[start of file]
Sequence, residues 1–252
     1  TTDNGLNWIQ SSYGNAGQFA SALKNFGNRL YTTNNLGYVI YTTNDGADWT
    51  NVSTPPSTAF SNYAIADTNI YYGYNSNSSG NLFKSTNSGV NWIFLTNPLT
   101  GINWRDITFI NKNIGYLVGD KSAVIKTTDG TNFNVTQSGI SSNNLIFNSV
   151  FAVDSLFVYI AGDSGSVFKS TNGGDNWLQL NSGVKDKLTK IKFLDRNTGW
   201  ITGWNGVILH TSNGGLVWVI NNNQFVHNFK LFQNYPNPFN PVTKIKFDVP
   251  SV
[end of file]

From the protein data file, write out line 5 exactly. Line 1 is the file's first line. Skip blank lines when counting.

   151  FAVDSLFVYI AGDSGSVFKS TNGGDNWLQL NSGVKDKLTK IKFLDRNTGW